Nina Pham, the first Dallas nurse to contract Ebola, has had her health status upgraded from "fair" to "good," according to a statement released on Tuesday evening by the National Institutes of Health.
Pham was transfered last Thursday to the NIH Clinical Center in Bethesda, Maryland, from Texas Health Presbyterian Hospital, where she had contracted the disease. The NIH center is one of four hospitals in the coutnry with high-level containment rooms, and the staff there is trained to prevent the spread of diseases such as Ebola.
In late September, Pham helped care for Thomas Eric Duncan, the first person to be diagnosed with Ebola in the United States. Pham tested positive for Ebola on Oct. 12. A second nurse at the hospital tested positive for the disease a few days later.
It's still not clear how the nurses contracted the virus. However, some people have questioned the original guidelines from the Centers for Disease Control and Prevention on how to use personal protective equipment when treating Ebola patients. The agency announced on Monday (Oct. 20) that it had updated those guidelines to better protect workers. [2014 Ebola Outbreak: Full Coverage of the Viral Epidemic]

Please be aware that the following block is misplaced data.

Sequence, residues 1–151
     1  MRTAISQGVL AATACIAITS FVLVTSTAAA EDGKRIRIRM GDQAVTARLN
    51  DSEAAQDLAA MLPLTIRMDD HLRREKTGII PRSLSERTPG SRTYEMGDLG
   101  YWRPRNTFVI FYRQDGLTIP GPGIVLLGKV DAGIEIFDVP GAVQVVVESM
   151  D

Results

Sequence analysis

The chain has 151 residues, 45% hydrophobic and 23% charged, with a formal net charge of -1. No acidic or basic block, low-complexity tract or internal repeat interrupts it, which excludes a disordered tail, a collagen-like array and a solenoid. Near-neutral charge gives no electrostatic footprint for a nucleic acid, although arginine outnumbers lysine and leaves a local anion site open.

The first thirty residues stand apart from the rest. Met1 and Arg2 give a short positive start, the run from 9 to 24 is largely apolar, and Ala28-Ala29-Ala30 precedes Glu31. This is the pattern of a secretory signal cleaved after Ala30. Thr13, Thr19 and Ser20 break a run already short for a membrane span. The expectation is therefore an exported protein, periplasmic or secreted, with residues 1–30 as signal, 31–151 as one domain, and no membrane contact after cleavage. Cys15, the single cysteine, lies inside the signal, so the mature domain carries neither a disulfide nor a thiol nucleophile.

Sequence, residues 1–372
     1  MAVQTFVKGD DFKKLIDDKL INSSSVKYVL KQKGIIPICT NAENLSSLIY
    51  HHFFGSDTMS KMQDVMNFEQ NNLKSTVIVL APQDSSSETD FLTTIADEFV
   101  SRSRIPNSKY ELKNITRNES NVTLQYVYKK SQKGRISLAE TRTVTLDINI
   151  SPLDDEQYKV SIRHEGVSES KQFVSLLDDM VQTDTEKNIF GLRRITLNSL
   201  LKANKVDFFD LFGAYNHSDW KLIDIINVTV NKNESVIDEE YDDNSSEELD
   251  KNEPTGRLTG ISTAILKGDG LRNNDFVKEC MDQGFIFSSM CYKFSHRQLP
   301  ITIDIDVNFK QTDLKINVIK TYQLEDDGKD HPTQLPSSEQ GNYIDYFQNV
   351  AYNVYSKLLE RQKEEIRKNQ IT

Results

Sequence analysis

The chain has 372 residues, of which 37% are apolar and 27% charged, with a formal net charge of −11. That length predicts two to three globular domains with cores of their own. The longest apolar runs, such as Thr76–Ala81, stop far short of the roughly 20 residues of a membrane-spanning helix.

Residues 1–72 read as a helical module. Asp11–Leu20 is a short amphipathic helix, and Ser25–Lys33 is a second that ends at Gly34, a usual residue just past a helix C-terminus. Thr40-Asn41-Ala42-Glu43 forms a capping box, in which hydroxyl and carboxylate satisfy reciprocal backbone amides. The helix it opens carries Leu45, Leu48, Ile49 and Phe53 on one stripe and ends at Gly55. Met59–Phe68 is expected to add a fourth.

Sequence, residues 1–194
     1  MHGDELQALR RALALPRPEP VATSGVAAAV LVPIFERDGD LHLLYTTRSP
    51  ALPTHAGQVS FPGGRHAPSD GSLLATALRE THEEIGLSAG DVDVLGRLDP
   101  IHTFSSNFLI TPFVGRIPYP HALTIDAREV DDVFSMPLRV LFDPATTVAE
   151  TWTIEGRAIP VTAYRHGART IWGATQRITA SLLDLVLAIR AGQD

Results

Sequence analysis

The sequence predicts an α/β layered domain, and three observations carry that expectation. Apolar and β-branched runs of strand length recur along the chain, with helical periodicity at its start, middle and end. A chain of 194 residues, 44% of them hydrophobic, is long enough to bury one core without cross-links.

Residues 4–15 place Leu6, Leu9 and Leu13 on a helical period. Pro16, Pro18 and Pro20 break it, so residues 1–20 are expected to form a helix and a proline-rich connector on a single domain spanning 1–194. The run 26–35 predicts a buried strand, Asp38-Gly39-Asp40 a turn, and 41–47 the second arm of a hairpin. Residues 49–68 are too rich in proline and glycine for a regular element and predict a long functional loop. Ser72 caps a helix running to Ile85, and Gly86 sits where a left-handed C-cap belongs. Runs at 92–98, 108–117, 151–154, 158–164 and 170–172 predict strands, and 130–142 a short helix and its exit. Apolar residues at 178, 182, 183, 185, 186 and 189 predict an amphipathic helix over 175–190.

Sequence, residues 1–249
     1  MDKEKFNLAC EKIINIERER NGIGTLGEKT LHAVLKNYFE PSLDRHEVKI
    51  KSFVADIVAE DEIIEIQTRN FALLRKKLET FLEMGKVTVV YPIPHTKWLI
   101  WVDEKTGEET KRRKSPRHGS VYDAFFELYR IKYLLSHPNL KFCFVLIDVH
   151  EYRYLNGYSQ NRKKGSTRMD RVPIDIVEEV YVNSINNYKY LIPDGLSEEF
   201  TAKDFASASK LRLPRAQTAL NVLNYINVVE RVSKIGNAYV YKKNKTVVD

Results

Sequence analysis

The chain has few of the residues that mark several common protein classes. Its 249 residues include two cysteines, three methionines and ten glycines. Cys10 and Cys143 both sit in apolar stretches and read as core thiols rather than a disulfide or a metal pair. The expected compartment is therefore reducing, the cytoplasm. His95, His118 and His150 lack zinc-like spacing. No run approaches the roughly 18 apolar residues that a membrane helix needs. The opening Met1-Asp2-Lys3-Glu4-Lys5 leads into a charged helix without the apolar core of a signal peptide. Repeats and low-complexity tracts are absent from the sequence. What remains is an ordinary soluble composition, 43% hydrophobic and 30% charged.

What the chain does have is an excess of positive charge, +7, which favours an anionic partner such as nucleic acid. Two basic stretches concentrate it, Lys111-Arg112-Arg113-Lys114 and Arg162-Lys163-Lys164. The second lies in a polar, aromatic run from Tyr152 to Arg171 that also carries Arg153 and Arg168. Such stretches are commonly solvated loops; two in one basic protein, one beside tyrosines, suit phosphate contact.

Ebola is spread through direct contact with the bodily fluids, such as blood or secretions, of an infected person, or by contact with contaminated objects, such as needles and syringes, according to the CDC. People with Ebola are contagious only after they start showing symptoms.
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Rachael is a Live Science contributor, and was a former channel editor and senior writer for Live Science between 2010 and 2022. She has a master's degree in journalism from New York University's Science, Health and Environmental Reporting Program. She also holds a B.S. in molecular biology and an M.S. in biology from the University of California, San Diego. Her work has appeared in Scienceline, The Washington Post and Scientific American.